What makes someone a god? A god can be anything, to any person. Ancient Egyptians worshipped Abraxas, a god with a rooster head and snakes for legs. A contingency of B-movie fans started the Church of Ed Wood, believing the famously derided sci-fi auteur was religiously significant. L. Ron Hubbard is a whole thing. Gods are merely ciphers through which common folk relay their universal needs: to be protected, loved, for life to have meaning. But what does life mean in the absence of divinity? It’s a question Reverend Matt Jamison — full wrath, on a singular quest for glorious reckoning — must ask himself when his faith is fractured and destroyed. A mess of shards. Without that holy windshield, he’s a man undone. And what will that look like as the seventh anniversary of the Sudden Departure transpires?
That’s where “It’s a Matt, Matt, Matt World” leaves us. Matt, put through the ringer for his faith, is finally, we can assume, fully over the whole Jesus thing. Like every character this season, it takes a physical journey to erode the foundation of his truth. Here, it’s Matt’s trip to Melbourne, where he hopes to retrieve Kevin Garvey for some purposeful holy matter. The trip attracts a following — Matt invites John, but Michael and Laurie tag along, too; Laurie in a desperate attempt to save her mentally ill ex-husband from the radical Matt, who thinks he’s the second coming.
Their trek from Texas to Australia is complicated by the explosion from last week, one that gets slightly more context this episode — the opening scene shows a crazed Frenchman blow up a submarine in the South Pacific — but remains a curiosity. The nuclear ramifications of that event have grounded all commercial flights and closed the major airports, so that their private plane has to land in Tasmania. The group is informed that the next ferry leaving for Australia has been bought out by a private group, which ends up being a Furry-esque tribe of lion worshippers (complete with an actual, live lion) who are reticent to let the other aboard until Matt – proving he won’t be bothered by the lion peoples’ obscene on-deck love-making – has to tell the dirtiest joke he knows (and boy does he unleash a whopper).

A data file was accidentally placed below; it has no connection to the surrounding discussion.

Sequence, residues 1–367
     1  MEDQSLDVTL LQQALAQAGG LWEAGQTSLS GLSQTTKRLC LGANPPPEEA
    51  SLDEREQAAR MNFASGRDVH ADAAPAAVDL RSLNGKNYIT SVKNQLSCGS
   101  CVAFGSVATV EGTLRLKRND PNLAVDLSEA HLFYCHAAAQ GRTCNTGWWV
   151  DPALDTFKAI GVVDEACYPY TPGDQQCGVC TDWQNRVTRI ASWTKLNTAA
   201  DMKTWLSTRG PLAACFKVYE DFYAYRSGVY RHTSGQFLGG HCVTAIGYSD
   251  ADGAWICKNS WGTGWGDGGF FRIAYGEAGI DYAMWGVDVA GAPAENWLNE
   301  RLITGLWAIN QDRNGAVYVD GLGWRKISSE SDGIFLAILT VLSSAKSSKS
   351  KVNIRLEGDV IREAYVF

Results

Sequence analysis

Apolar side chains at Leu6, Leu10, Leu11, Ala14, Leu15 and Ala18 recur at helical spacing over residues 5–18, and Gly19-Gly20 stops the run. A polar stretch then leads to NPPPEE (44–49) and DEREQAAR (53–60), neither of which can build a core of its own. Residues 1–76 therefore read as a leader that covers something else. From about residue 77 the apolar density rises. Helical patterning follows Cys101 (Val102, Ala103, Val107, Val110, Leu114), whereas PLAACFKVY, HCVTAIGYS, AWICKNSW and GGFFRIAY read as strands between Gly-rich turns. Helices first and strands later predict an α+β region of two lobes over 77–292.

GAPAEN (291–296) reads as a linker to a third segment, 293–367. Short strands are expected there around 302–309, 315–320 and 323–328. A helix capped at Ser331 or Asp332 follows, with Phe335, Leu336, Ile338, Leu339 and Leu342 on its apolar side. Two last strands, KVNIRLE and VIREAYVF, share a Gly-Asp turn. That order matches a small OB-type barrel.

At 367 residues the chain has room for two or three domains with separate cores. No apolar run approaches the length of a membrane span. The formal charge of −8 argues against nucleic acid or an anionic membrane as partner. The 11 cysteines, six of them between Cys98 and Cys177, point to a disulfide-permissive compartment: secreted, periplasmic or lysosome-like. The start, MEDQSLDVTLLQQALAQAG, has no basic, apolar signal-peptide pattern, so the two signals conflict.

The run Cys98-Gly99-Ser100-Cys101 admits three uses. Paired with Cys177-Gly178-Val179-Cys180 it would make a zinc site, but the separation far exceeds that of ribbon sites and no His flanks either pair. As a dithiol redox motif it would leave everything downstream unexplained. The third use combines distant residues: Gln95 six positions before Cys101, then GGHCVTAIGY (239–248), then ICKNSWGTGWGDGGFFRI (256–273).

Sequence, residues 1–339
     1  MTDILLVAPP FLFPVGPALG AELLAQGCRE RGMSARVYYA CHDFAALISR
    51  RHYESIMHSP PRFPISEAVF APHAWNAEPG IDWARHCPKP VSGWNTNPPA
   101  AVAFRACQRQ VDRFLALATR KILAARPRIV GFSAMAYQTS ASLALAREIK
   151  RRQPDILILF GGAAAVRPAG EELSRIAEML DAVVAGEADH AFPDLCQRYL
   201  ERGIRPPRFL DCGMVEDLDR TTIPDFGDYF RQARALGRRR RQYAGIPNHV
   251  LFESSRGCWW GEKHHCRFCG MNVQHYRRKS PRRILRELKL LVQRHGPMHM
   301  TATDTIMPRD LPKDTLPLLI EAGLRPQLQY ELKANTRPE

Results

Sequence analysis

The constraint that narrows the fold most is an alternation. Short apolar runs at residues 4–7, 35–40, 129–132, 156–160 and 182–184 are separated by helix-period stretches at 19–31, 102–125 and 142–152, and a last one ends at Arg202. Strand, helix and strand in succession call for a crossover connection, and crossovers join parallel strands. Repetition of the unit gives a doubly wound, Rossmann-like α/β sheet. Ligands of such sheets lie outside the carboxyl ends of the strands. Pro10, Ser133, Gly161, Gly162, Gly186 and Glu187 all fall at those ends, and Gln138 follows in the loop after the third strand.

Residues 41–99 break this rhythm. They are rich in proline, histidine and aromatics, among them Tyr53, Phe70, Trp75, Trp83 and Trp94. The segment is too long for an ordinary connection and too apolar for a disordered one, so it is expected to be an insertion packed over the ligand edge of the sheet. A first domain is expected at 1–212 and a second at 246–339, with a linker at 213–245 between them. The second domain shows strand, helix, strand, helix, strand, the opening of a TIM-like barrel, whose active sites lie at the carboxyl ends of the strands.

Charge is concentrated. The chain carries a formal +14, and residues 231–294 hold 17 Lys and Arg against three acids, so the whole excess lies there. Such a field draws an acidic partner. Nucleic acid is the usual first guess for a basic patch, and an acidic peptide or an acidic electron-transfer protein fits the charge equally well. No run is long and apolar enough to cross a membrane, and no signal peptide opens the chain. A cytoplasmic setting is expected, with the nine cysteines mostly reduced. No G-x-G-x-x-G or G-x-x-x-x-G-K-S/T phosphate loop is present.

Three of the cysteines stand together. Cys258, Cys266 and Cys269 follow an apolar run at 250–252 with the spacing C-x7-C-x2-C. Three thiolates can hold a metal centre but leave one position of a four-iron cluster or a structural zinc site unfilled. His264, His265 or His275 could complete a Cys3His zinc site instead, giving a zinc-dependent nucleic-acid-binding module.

Their journey aboard S.S. Lion Orgy (the tribe is actually worshipping Frasier, who was a real-life sensation in the ‘70s and inspired the 1973 film Frasier, the Sensuous Lion and a song of the same name by Sarah Vaughan) is, like all things this season, a test for its capsule character. While the lion people engage in a Bacchanal-style orgy, alcohol and dance fest, and Laurie and John mingle on the sidelines, Matt is put through a mental ringer. He’s suffering nosebleeds and nausea, and is tested by a mysterious figure in a wheelchair, a large, gruff man who calls himself God. Matt — in his religious paranoia — cannot seem to reconcile the truth of God’s declaration. He carries a card that says, “Yes, I Am God,” with a description of his sanctity on the back (and no mention of Jesus). The absurdity of his claim is apparent to Matt, but is called into question when he witnesses God throw another man overboard, an incident only he sees. Matt jumps overboard to rescue the man, but doesn’t find him in time and is pulled back aboard.